Bradley Merrill Thompson, a Member of the Firm in the Health Care and Life Sciences practice, in the Washington, DC, office, was quoted in an article titled "FDA Can't Hold Back Stream of Mobile Health Apps."

Following is an excerpt:

It was bound to happen. As smartphones, tablets and all those wearable computer gizmos get more and more powerful — and just as important — become ever more constant in our lives, they will enable apps that no one anticipated. Not even the fine people of the Food and Drug Administration. ...

Expect a lot more to come from startups and medical industry heavy-hitters.... But you can also expect most of the action to happen outside the United States, at least initially, if the FDA can't decide on regulations to govern so-called mobile health (or mHealth) applications.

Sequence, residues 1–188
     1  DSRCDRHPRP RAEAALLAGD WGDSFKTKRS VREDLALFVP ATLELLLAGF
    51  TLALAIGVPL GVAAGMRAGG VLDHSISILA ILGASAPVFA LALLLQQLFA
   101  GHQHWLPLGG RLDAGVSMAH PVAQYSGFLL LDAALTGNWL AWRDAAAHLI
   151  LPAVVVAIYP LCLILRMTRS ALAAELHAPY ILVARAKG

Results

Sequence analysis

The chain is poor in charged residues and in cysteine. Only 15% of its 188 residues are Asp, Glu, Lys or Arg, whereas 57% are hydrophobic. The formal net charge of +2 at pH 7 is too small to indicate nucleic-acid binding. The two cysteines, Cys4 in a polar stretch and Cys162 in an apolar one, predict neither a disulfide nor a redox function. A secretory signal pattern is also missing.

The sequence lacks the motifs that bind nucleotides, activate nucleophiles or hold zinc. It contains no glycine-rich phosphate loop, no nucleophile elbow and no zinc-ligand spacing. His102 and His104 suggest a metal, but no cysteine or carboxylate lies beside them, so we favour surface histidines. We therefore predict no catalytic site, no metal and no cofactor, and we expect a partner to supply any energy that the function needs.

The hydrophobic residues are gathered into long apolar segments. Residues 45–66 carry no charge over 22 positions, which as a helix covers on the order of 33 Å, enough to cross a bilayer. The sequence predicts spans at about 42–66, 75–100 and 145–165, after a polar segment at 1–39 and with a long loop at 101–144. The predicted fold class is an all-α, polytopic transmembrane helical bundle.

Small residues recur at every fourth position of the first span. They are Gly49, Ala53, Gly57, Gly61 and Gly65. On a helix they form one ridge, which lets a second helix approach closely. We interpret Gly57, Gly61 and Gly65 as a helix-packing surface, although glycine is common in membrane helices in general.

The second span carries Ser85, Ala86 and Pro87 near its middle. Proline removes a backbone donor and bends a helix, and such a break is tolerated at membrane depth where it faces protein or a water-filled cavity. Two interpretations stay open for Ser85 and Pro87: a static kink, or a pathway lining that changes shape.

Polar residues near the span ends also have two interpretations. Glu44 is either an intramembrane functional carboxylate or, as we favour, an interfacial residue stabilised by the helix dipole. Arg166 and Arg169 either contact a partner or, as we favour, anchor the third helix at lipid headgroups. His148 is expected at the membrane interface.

It raises an interesting problem when Apple can approve an app before the FDA is certain it meets its guidelines. To be fair, the FDA staff seem to be promoting this kind of health science innovation rather than stifling it, but the future has arrived and keeps speeding forward in synch with the number of apps on our phones. The FDA needs to catch up, and officials have been strongly encouraged by Congress to get guidelines in place for mobile health devices and applications this year. They had better.

As attorney Bradley Merrill Thompson points out in commentary on MobiHealthNews, without clear guidance big money is likely to stay out of space. "Right now the vast majority of apps are free pieces of software that don't accomplish nearly what could be accomplished in mHealth with more serious investment," Thompson writes.

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